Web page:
“Always do the right thing, even when you think no one is watching” seems to be the most widely accepted definition of integrity. We often speak about integrity’s relationship to leadership, so much so that I fear the sense of urgency to behave with integrity is diluted. It quickly becomes simply another management buzzword, as if by saying it enough times we can somehow replace with spoken word the necessity to exhibit integrity in every second.
When I was in college at The Citadel in Charleston, South Carolina, I associated integrity very closely with our honor code, which was a highly revered component of our institution. “A cadet does not lie, cheat, or steal, nor tolerate those who do.” It was a sacred promise that, if violated, almost certainly meant expulsion. Looking back, I recognize that I defined integrity too narrowly. Integrity is so much more than a basic code of conduct. The honor code was just the minimum standard by which we were expected to live our lives.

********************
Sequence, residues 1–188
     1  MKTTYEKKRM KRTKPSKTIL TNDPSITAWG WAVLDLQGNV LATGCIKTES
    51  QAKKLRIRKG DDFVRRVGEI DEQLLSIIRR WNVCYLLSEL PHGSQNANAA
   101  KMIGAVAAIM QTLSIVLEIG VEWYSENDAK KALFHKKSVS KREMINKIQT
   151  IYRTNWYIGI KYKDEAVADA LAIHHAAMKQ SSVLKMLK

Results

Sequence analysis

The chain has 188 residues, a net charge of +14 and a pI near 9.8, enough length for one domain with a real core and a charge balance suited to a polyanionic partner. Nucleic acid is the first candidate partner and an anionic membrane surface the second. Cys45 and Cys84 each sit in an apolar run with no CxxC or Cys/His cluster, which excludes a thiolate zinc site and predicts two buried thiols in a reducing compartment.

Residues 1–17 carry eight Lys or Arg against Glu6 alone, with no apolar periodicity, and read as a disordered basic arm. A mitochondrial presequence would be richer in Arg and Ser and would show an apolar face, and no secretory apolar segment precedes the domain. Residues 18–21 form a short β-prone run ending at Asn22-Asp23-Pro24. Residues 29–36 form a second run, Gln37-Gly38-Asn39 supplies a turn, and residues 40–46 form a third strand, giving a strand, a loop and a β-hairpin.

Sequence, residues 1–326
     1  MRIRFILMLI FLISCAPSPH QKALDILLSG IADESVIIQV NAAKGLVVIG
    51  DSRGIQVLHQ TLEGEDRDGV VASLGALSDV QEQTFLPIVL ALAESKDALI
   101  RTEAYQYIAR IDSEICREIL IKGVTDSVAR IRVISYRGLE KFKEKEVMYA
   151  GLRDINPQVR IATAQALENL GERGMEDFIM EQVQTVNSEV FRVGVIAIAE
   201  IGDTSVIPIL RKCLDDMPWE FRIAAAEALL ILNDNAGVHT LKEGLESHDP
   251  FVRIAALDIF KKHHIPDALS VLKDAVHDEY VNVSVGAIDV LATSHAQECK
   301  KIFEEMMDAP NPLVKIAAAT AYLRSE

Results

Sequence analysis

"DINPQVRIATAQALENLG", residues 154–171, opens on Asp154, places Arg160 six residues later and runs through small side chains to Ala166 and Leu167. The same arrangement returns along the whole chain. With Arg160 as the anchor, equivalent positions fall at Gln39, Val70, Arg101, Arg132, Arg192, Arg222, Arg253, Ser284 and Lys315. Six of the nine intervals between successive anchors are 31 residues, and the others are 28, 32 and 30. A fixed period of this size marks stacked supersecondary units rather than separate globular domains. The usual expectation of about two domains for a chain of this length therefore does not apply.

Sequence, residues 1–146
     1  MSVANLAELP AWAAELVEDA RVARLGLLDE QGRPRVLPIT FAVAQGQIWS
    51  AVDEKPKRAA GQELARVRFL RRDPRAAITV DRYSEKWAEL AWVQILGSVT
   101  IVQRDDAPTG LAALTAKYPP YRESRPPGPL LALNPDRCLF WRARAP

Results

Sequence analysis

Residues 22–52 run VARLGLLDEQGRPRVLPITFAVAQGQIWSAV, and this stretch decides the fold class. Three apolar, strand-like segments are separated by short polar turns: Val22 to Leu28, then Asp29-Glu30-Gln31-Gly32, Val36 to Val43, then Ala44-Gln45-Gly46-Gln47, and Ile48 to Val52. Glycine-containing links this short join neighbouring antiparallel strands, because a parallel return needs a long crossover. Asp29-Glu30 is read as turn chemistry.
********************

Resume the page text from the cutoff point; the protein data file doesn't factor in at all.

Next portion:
Bolted to the wall in the passageway of each barracks building, placed opposite from the honor code, is a brass plaque with a profound quote from Robert E. Lee: “Duty is the sublimest word in the English language.” I believe General Lee’s words get much closer to what integrity truly is. As leaders, we are obligated to commit ourselves fully to our team and our work. It is our duty. We must enter into our leadership responsibility with zeal and conviction, day after day, hour after hour. In the rain and the heat, through both challenges and fair weather, our teams demand our complete commitment and dedication. Leadership with integrity is to lead with balanced reason and emotion, rigid fairness, and an unwavering desire to do what is right and necessary to advance the mission and care for every member of the team.